In Memoriam: Katyn (1940) and Katyn (2010)
Translation by Oskar Chomicki and Mark Wegierski
We present here, translated from Polish to English, the draft of the speech which President Lech Kaczynski was planning to deliver at the Polish War Cemetery in Katyn. A cruel fate prevented him from doing so.
Participants of the ceremony marking the 70th anniversary of the Katyń Atrocity at the Polish War Cemetery in Katyń
Honorable Representatives of the Katyń Families! Honorable Ladies and Gentlemen!
In April 1940, over 21 thousand Polish prisoners from the camps and prisons of the NKVD were murdered. This genocidal crime was committed in accordance with Stalin's will, by order of the highest authorities of the Soviet Union. The alliance of the Third Reich with the USSR, the Ribbentrop-Molotov Pact, and the attack on Poland on September 17, 1939 found their shocking culmination in the Katyń atrocity. Not only in the forests of Katyń, but also in Twer, Charków, and in other places — known and still unknown places of execution — citizens of the Second Polish Republic, people forming the basis of our nationhood and unbending in service of their fatherland, were murdered. At the same time, the families of the murdered and thousands of residents of the pre-war Eastern Borderlands were sent into the depths of the Soviet Union, where their unspoken suffering marked the trail of the Polish Eastern Golgotha.
The most tragic stop on this trail was Katyń. Polish officers, religious, clerks, policemen, border patrolmen, and prison guards were slain without trials or verdicts. They were victims of an undeclared war. They were murdered in violation of the laws and conventions of the civilized world. Their dignity as soldiers, Poles, and human beings was trampled. The graves of the dead were supposed to hide the bodies of the murdered and the truth about the atrocity forever. The world was never supposed to find out. The families of the victims had their rights to public mourning, to grieving and remembering those closed to them. The earth covered the traces of the atrocity and the falsehood was supposed to erase it from human memory.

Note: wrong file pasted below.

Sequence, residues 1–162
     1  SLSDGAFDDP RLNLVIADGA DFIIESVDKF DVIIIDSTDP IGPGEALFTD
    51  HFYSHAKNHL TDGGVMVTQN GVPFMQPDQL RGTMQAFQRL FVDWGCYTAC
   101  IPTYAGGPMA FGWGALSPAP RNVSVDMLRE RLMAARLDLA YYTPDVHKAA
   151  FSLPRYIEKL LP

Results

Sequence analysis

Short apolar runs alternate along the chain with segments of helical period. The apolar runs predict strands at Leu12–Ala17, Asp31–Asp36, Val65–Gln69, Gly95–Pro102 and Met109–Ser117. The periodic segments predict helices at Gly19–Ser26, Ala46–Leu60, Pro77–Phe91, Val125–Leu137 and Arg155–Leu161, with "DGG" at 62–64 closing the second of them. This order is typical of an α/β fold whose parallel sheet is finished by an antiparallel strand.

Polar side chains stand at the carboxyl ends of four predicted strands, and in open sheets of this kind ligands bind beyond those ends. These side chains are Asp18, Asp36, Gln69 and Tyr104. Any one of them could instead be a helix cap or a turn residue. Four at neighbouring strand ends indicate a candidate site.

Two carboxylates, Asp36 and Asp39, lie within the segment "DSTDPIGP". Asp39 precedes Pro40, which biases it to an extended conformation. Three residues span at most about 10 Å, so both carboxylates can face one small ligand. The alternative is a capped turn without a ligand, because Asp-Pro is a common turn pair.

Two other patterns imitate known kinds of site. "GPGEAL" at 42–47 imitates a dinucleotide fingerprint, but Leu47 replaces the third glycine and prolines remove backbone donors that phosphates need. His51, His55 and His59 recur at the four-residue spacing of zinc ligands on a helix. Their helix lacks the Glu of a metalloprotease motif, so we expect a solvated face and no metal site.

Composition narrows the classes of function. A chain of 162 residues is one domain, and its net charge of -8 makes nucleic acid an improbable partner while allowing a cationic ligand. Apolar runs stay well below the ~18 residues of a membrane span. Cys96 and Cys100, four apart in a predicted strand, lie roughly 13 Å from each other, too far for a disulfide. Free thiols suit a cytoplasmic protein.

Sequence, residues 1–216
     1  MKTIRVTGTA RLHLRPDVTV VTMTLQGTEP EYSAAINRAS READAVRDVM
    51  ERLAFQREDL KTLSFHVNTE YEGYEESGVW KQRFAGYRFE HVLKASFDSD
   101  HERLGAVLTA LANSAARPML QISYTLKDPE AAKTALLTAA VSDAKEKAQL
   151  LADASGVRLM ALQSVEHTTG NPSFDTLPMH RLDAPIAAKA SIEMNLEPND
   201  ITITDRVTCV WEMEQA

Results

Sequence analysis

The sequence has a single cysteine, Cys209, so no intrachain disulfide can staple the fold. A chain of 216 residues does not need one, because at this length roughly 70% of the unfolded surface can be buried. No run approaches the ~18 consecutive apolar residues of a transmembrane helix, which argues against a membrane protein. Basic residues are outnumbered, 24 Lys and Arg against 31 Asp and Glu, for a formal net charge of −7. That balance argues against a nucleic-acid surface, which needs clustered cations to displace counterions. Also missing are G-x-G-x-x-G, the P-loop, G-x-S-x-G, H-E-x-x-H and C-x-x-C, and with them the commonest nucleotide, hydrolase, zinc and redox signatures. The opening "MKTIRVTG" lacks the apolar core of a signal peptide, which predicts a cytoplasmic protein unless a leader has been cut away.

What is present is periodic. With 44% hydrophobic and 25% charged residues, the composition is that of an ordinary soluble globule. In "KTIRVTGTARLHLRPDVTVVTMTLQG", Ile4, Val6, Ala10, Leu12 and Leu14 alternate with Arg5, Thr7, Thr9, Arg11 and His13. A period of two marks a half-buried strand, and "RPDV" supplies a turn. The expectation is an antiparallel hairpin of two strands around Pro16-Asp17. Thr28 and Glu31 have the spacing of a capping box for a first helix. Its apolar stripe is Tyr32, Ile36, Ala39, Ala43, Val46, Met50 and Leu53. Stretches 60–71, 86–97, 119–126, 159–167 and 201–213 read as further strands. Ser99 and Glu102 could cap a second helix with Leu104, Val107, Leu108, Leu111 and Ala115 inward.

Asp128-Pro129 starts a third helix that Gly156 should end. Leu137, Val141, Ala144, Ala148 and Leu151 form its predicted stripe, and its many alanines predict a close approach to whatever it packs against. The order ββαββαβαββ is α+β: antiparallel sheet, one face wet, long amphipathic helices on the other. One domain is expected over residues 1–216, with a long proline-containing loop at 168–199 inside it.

Concealing the truth about Katyń — the effect of the decision of those who perpetuated the crime — became one of the principles of the communists in postwar Poland: the founding lie of the People's Republic of Poland. This was a time during which one paid a price for remembering and speaking truth about Katyń. But those closest to the murdered and others courageous persons clung faithfully to the memory, defended it, and passed it on onto later generations of Poles. They carried it through the time of the communist rule and entrusted it to their fellow countrymen in a free, independent Poland. That is why we owe all those people, especially the families of Katyń, respect and gratitude. In the name of the Republic of Poland, I tender the deepest thanks for the fact that, by defending the memory of your dearest, you have saved a very important dimension of our Polish consciousness and identity.
Katyń became a painful wound of Polish history but it also poisoned relations between Poles and Russians for decades. Let us make sure that wound of Katyń can finally heal in full and bring us closer. We Poles appreciate the actions of the Russian people during the last few years. We should continue down the road that draws our nations closer, neither stopping nor backing up on it.
All the circumstances of the Katyń atrocity must be completely studied and explained. It is important that the innocence of the victims be legally confirmed and that all the documents regarding this crime be revealed. May the Katyń lie finally be erased from the public mind. We call for such measures above all for the memory of the victims and respect for the suffering of their families. But we also call for these in the name of common values which must form the basis of trust and partnership between neighboring nations in the whole of Europe.
Together let us pay tribute to the murdered and pray over their graves. Glory to the heroes! Honor to their memory!
Oskar Chomicki is a Ph.D. candidate at the Catholic University of America (Washington, D.C.). Mark Wegierski is a Toronto-based writer and historical researcher.